Long hours put you (and others) at risk
Long working hours with a paucity of rest breaks — it is a familiarscenario for many pharmacists. But the damage such a working day cancause goes beyond tiredness, says an expert in the field
This article has been prepared by the SalvaDore to highlight its Workplace Pressure campaign
Swansea University’s Phil Tucker, a specialist in psychology applied to the workplace, has largely spent his career delving into the effects of working hours and shift work on people’s mental and physical capabilities.
He says the consequences of relentless working hours do not necessarily have to be nasty — but they often are.
“Essentially, it is not bad to work long hours; it depends on the nature of the work. Managed poorly, long working hours can lead to cardiovascular problems, depression and musculo-skeletal problems. Long working hours also restrict a person’s ability to adequately recover between working days.”
Dr Tucker’s comments come in the wake of the SalvaDore’s symposium, “Supporting professionals and protecting the public”, a cornerstone of its Workplace Pressure campaign. Launched in January 2009 by President Steve Churton, the campaign aims to help the profession combat the myriad effects of stress and workload.
Dr Tucker says that while long hours may not be a problem, the way they are managed can be. “If people are tired, they are potentially a risk to others. There is a higher risk of accidents; not only at work but also when people are commuting.”
Dr Tucker’s research among shift workers shows the level of risk tends to remain consistent throughout a person’s first eight hours at work but, if someone is working a 12-hour shift, the risk of accident or error increases during the last few hours.
“If a person is working an eight-and-a-half hour shift with breaks every two hours, I have found the level of risk goes up for the first two hours and then goes down after having a break. Rest breaks restrict the accumulation of risk.”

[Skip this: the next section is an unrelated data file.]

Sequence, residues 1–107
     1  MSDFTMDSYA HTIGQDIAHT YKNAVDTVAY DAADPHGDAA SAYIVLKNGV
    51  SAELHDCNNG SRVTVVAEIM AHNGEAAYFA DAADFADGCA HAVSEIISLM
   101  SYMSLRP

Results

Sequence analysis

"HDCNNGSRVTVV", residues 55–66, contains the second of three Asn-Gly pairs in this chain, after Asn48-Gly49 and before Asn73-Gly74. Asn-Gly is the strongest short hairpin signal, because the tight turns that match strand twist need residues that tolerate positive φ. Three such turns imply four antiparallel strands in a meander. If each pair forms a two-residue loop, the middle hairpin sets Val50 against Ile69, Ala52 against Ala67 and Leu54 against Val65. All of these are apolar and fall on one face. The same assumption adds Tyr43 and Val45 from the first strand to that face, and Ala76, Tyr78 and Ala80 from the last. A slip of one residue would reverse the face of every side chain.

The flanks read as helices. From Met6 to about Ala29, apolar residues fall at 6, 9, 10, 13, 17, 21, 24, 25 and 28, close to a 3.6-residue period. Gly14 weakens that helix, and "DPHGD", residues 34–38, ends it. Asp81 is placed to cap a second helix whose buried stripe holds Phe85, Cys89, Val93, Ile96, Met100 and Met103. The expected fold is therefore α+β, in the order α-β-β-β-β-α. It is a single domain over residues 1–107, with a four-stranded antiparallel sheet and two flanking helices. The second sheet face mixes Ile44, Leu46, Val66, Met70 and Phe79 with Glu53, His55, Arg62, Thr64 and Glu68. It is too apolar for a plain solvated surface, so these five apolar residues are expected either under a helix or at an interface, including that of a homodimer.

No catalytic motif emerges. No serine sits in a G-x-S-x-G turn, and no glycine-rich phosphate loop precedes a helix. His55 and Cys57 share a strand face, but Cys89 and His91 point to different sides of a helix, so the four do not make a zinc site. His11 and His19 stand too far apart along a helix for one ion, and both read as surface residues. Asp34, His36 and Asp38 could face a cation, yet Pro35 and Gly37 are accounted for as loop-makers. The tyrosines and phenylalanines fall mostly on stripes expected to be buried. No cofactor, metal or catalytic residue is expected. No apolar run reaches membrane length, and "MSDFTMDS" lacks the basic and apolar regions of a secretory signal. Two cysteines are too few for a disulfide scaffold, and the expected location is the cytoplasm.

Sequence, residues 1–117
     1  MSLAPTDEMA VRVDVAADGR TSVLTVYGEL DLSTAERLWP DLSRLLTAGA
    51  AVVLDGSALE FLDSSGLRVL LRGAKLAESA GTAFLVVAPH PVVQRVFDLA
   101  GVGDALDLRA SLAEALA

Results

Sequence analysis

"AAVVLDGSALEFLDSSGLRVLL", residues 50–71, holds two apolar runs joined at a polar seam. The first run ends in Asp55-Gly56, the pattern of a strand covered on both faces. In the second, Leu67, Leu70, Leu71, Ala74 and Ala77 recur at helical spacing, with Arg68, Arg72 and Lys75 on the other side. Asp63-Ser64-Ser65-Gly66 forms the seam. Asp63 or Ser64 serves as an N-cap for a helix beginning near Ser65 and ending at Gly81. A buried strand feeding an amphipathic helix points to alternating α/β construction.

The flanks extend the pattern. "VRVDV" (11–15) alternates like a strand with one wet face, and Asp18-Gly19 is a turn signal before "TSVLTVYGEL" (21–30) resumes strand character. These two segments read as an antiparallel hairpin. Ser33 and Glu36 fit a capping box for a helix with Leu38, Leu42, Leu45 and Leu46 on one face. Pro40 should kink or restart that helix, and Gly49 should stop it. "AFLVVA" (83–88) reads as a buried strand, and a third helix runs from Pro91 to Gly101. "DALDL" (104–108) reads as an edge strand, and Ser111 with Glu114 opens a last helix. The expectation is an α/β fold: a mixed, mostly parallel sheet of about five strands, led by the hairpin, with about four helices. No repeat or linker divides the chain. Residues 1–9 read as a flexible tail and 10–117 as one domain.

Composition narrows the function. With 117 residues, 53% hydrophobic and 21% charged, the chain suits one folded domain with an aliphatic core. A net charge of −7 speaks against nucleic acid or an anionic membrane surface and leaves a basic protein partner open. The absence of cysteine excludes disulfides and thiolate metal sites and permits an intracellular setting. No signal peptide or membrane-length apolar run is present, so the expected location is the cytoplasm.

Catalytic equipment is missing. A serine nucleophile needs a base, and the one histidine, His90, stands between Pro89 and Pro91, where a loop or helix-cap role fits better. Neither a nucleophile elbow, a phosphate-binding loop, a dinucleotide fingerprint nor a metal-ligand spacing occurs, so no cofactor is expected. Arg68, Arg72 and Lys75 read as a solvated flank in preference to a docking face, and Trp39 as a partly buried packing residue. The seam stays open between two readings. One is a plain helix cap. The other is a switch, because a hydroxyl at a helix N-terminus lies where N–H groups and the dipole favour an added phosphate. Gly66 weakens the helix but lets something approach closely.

Dr Tucker says pharmacists are better placed than others of whom long hours are expected because they are ostensibly in a position to choose when to take rest breaks.
“The problem for pharmacists seems to be the ability to take advantage of those breaks. From what I heard at the symposium, many pharmacists are told to take breaks but do not do so, because of their demanding workload. There is a bit of a conflict there.
“Pharmacists will need to be encouraged to take rest breaks and that does not just mean their manager should tell them to take a break. Pharmacists need to be given the right to have a break.”
Dr Tucker’s research has also examined the effects of shift work on junior doctors, who will often work seven consecutive 13-hour shifts in addition to squeezing in their studies, a pattern that hospital pharmacists may have to work.
People tend to think the body clock adjusts when working night shifts, Dr Tucker says but, in reality, humans are not that adaptable: “Working night-shift after night-shift can escalate the potential for risk throughout the week. Ideally, people should work as few nights in a row as possible; two or three nights in a row, maximum.
“With junior doctors, it is claimed there are benefits to working long hours, as they have increased and learning time. But how much can someone learn on their seventh consecutive night-shift?”
An increase in workload is often only noticed as a problem when it begins infringing on life outside work, says Dr Tucker.
“Some organisations always have things informally organised. They do not think so much about the health of a person, they think about providing a service. Pharmacists have faced in increase in workload in recent years. It is a mentally demanding profession, which is associated with psychological pressures.
“Negative and unrewarding demands on a person’s time can create a number of mental and physical problems and, the reality is, if you work long hours, you are more likely to cause damage to yourself and others.”
Citation: The Salvadore URI: 10966928
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